I am sure many readers saw Monica Langley’s front page Wall Street Journal article earlier this week about Salesforce CEO Marc Benioff and how he uses his position to advance social causes he favors, including most recently, his efforts to combat state legislation concerning transgender bathroom use. The Journal article suggests that Benioff has launched a “new era of corporate social activism.” As the article details, Benioff’s efforts have drawn praise in some quarters, criticism in others. In a May 3, 2016 post on his eponymous blog (here), UCLA Law Professor Stephen Bainbridge raises some interesting questions about the compatibility of Benioff’s activities with traditional notions of corporate officers’ duties to shareholders.
The May 3, 2016 Journal article describes Benioff as “a master promoter in the movement toward social activism among American chief executives,” and as “increasingly influential despite resistance from those in its focus and some disquiet from Salesforce’s investors and directors.”
Benioff justifies his activism by saying that “The next generation of CEOs must advocate for all stakeholders – employees, customers, community, the environment, everybody … not just for shareholders.”
As Professor Bainbridge notes in his blog post, “the implication here is that Benioff is willing to make trade-offs between stakeholder and shareholder interests.” If that is the case, then, Professor Bainbridge is (figuratively speaking) throwing a “flag” on Benioff. Professor Bainbridge says Benioff “is on the verge of admitting that he’ll put his own political and policy preference ahead of the interests of Salesforce’s shareholders.”
In support of his objection, Professor Bainbridge quotes extensively from a recent law review article by Leo E. Strine, Jr., Delaware’s Chief Justice. In the law review article, Strine writes that it is “injurious to social welfare to declare that directors can and should do the right thing by promoting interests other than stockholder interests.” He adds that “within the limits of their discretion, directors must make stockholder welfare their sole end, and that other interests may be taken into consideration only as a means of promoting stockholder welfare.” He concludes this line of analysis by saying that “Non-stockholder constituencies and interests can be considered, but only instrumentally, in other words, when giving consideration to them can be justified as benefitting the stockholders.”
To be sure, Benioff contends that his activities serve the company’s interests. In the Journal article, he notes that to attract promising young employees and to woo today’s customers, companies must project a corporate ethos that goes beyond profit.
The one thing that is clear is that Benioff has the opportunity to advocate and, more importantly, the clearance to do so because his company has been so enormously successful – as the Journal article states, “Mr. Benioff’s corporate bully pulpit is enabled by company results that keep most investors from questioning his extracurricular activities.” (Salesforce’s shares have risen roughly ninefold in the past decade.) This does raise the question of whether Benioff would feel so free to lead the charge on social issues if his company were struggling, and whether or not investors would allow him so much leeway if the company were not faring so well.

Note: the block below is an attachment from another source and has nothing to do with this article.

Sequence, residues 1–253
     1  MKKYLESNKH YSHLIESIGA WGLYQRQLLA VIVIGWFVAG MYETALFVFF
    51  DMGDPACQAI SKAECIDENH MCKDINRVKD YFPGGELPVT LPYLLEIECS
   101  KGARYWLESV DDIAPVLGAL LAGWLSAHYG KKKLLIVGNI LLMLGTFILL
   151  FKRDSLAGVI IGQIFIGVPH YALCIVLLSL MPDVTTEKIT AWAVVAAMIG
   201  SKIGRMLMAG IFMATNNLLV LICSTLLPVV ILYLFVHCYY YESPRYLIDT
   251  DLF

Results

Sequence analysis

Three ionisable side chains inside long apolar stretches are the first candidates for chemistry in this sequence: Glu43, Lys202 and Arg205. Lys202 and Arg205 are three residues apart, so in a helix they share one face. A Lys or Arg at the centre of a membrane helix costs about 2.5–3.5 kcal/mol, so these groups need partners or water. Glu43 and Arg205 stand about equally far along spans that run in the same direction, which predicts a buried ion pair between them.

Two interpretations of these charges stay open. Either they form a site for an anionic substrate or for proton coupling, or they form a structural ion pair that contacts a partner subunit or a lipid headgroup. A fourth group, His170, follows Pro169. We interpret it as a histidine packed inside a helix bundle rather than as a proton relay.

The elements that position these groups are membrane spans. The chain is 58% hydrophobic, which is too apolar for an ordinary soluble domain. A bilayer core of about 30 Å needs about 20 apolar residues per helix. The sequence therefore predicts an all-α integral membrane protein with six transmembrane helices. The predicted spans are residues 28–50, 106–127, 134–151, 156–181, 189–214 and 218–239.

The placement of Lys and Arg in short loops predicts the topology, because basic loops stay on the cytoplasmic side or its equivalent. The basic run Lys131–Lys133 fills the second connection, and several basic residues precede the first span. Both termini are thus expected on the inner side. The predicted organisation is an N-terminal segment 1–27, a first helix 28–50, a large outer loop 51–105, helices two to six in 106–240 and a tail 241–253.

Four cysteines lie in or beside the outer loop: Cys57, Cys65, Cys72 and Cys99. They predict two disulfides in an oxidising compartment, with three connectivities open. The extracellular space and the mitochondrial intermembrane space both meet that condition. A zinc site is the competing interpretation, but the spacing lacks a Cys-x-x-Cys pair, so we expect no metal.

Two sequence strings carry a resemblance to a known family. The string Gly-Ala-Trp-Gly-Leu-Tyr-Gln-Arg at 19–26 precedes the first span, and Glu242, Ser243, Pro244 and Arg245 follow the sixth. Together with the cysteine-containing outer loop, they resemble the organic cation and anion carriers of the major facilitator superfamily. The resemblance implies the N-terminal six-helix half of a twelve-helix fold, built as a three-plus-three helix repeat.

There is no doubt that Benioff’s activities do raise questions about the appropriate degree of social activism involving corporate executives. Professor Bainbridge is right that there is a fundamental tension between Benioff’s brand of activism and traditional ideas of corporate executives’ roles, as underscored by Strine’s law review article statements. The problem with discussing these kinds of issues is that the somewhat theoretical questions about the CEO’s role often arise in the context of the social issues in which the CEO is involved; the discussion of the issues often is influenced by whether or not the CEO’s social issues positions are popular. I happen to agree with Benioff’s positions on the issues, but where you come out on the questions of the CEO’s role shouldn’t depend on whether or not you agree or disagree with his or her positions with the issues.
I also think that the extent of Salesforce’s corporate success is an important factor here. Benioff’s activism would look very different to Salesforce’s shareholders if the company were struggling. Maybe this is just another example of the way that successful executives feel entitled to sound off. His company’s success may indeed give Benioff a “bully pulpit.” However, the shareholders who are unconcerned when the company is very successful might object if the company stumbled.
If the stumble were significant enough and if shareholders believed the CEO’s activities were a cause of or a contributing factor to the stumble, the shareholders could well assert that the CEO violated his or her duties to the company. In our litigious society, among the forms that that type of shareholder assertion could take is a complaint against the CEO alleging that his or her actions harmed the company.
In any event, Benioff’s activism raises some very interesting issues, and I think the questions Professor Bainbridge raised are interesting and worth consideration – regardless of whether or not you agree or disagree with the positions that Benioff is advocating.
Hat tip to Francis Pileggi for linking on his Delaware Corporate & Commercial Litigation Blog (here), to Professor Bainbridge’s blog post.